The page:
Nondestructive characterization of UHMWPE armor materials

Date
2011-07-01
Authors
Margetan, Frank
Chiou, Chien-Ping
Margetan, Frank
Barnard, Daniel
Eisenmann, David
Hsu, David
Jensen, Terrance
Eisenmann, David
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Center for Nondestructive Evaluation
Abstract

Ultra-high molecular weight polyethylene (UHMWPE) is a material increasingly used for fabricating helmet and body armor. In this work, plate specimens consolidated from thin fiber sheets in series 3124 and 3130 were examined with ultrasound, X-ray and terahertz radiation. Ultrasonic through-transmission scans using both air-coupled and immersion modes revealed that the 3130 series material generally had much lower attenuation than the 3124 series, and that certain 3124 plates had extremely high attenuation. Due to the relatively low inspection frequencies used, pulse-echo immersion ultrasonic testing could not detect distinct flaw echoes from the interior. To characterize the nature of the defective condition that was responsible for the high ultrasonic attenuation, terahertz radiation in the time-domain spectroscopy mode were used to image the flaws. Terahertz scan images obtained on the high attenuation samples clearly showed a distribution of a large number of defects, possibly small planar delaminations, throughout the volume of the interior. Their precise nature and morphology are to be verified by optical microscopy of the sectioned surface.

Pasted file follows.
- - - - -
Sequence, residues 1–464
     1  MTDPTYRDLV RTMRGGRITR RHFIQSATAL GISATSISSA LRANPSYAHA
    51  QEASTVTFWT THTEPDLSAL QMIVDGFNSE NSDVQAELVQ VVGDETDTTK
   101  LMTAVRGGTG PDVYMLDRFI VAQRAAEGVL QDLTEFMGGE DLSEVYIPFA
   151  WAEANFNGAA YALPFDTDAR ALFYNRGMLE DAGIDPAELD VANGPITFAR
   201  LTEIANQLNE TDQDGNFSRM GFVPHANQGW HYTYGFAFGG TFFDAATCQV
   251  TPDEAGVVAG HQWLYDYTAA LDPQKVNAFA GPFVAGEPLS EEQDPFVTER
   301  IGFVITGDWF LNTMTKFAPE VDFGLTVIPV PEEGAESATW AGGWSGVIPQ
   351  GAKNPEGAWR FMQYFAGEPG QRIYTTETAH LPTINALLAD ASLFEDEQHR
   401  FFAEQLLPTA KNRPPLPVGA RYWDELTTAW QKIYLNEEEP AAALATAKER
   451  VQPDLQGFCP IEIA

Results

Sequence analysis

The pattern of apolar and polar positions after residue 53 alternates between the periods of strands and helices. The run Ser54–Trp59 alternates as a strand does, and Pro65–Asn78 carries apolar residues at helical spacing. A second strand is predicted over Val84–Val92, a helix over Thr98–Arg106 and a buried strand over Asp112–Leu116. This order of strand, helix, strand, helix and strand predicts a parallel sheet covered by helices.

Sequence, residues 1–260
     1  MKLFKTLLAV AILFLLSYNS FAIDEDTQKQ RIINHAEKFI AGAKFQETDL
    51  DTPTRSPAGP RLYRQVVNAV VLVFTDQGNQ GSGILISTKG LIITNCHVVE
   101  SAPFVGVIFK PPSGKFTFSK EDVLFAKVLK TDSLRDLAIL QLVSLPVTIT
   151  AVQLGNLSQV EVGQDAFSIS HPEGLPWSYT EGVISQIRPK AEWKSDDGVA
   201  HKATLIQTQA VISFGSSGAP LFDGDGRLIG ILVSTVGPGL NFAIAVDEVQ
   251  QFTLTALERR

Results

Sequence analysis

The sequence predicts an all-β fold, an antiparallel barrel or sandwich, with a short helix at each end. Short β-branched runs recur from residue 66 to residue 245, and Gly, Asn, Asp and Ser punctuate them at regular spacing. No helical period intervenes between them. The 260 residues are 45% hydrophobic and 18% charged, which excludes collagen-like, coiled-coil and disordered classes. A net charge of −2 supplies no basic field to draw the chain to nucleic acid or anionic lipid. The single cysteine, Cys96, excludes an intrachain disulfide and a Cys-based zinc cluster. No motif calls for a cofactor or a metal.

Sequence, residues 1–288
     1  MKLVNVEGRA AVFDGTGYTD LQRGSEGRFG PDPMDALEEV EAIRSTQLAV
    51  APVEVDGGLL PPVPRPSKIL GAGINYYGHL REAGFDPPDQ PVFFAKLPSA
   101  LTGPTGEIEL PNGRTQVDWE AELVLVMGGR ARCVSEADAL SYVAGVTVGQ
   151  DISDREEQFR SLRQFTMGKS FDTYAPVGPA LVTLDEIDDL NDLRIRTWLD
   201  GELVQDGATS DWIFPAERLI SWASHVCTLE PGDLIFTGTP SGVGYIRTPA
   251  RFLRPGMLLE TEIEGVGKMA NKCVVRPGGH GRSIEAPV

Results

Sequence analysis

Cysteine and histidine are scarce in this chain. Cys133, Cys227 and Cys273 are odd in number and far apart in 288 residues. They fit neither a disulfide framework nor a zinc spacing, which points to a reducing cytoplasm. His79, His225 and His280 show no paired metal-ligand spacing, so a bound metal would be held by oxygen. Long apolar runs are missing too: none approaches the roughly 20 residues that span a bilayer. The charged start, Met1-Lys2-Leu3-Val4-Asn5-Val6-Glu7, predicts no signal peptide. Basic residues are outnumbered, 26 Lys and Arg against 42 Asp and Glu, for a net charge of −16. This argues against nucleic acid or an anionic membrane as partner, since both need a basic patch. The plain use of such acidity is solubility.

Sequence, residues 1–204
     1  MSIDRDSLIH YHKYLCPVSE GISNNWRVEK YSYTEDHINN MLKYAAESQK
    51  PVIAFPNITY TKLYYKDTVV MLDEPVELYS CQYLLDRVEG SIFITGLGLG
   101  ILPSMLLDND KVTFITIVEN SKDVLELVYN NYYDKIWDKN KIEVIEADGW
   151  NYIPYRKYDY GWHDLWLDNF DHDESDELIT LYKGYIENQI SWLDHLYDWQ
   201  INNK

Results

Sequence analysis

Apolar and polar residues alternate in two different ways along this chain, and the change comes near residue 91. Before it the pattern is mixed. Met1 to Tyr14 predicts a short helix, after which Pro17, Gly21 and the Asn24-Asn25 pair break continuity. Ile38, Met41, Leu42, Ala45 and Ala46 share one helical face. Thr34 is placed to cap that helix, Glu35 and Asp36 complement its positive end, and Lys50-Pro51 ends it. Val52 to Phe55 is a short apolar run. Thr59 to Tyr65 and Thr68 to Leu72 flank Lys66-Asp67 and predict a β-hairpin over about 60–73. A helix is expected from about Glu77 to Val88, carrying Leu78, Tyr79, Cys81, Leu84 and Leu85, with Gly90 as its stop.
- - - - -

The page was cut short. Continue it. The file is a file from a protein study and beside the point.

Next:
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Copyright 2012 American Institute of Physics. This article may be downloaded for personal use only. Any other use requires prior permission of the author and the American Institute of Physics.

This article appeared in AIP Conference Proceedings 1430 (2012): 1168–1175 and may be found at http://dx.doi.org/10.1063/1.4716352.

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